facebook
twitter
search
search

Artist Ai Weiwei poses as drowned refugee toddler to protest immigration crisis

The idea to pose as a child refugee, whose death sparked international uproar over the plight of Syrians, came "quite spontaneously," Ai Weiwei said.
By Elizabeth Shim Contact the Author   |   Feb. 1, 2016 at 1:19 PM
| License Photo
Sign up for our weekly Korea Now newsletter
An exclusive report putting perspective on the week's most important developments.

NEW DELHI, Feb. 1 (UPI) -- A photograph of Chinese artist Ai Weiwei posing as drowned Syrian toddler Alan Kurdi has surfaced less than a week after he canceled an art exhibit in Denmark following the passage of an anti-refugee law.

The photo, to be published with an article on Ai Weiwei in India Today, was taken on a beach on the Greek island of Lesbos, The Guardian reported Sunday.

Advertisement

"The image is haunting and represents the whole immigration crisis and the hopelessness of the people who have tried to escape their pasts for a better future," said Sandy Angus, co-owner of India Art Fair where an exhibit of the photograph and other works is to be held.

The idea to pose as a child refugee, whose death sparked international uproar over the plight of Syrians, came "quite spontaneously," Ai Weiwei told CNN.

"The photographer and journalist asked me to pose for a photo near the beach [in Lesbos] and to close my eyes. We had talked about the image of the boy, so I had that on my mind," Ai said.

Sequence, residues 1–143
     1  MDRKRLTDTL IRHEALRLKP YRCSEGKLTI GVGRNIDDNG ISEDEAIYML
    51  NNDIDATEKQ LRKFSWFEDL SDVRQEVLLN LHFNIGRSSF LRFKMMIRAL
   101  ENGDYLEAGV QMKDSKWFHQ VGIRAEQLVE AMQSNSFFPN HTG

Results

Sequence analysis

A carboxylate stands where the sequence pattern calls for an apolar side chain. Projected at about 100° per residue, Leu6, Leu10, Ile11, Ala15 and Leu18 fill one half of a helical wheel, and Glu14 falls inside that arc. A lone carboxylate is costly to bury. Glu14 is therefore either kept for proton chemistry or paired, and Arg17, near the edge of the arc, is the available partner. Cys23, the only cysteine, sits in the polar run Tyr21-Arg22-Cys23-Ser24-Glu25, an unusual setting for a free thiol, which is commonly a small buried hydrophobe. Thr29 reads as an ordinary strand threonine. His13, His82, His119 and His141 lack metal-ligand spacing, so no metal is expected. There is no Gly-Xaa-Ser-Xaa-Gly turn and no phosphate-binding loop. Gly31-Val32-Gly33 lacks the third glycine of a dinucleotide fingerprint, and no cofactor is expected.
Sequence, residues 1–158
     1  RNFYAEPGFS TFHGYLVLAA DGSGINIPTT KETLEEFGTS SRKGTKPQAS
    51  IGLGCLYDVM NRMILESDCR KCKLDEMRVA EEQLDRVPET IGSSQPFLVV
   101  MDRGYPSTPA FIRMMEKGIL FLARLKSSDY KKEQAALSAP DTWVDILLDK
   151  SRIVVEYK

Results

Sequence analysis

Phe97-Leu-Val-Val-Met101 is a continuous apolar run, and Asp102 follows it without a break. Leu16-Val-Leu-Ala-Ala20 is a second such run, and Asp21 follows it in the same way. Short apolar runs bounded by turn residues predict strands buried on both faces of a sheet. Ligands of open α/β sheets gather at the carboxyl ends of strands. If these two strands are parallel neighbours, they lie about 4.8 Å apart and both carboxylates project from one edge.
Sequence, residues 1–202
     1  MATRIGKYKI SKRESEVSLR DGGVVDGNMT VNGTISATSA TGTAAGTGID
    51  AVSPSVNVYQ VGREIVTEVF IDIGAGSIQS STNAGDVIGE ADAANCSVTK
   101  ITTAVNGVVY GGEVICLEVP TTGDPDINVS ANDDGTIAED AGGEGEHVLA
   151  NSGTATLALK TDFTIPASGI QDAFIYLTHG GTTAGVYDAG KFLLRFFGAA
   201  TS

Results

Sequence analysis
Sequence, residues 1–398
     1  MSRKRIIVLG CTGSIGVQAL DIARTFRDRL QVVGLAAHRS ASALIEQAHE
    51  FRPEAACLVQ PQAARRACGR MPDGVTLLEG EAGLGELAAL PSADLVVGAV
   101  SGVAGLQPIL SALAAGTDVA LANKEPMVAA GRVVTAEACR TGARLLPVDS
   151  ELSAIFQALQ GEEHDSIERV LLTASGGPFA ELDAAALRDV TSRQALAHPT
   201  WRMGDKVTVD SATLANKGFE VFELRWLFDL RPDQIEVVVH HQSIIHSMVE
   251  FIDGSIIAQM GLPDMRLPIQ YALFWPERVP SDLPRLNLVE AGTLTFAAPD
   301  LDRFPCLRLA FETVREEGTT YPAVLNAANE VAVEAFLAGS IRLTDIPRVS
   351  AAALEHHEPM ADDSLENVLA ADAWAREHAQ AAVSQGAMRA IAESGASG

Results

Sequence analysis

Ai likened refugee children to angels, saying they are "the most vulnerable."

International Spotlight: Artist Ai Weiwei poses as Aylan Kurdi

#ArtAwards16 International Spotlight: Artist Ai Weiwei poses as Aylan Kurdi for India Today magazine. #ITVideo

Posted by India Today on Monday, February 1, 2016

"You can see the world has put them in extreme, hopeless conditions. There are two worlds – a world of adults and a world of babies, and they are not connected," he said.

In 2008, Ai also visited China's Sichuan province in the aftermath of a devastating earthquake that killed 70,000 people, including schoolchildren.

Ai, who was born in 1957, said he grew up in difficult circumstances, but that his experience cannot compare with those of Syrian and other refugees.

"I cannot connect with those people who risk their lives going through the path of refugees to Europe. And then you see all those politicians that are not really helping, and trying to find all kind of excuses," Ai said, adding the anti-refugee crackdown in Europe made him very angry.

Related UPI Stories
Topics: Ai Weiwei
Latest Headlines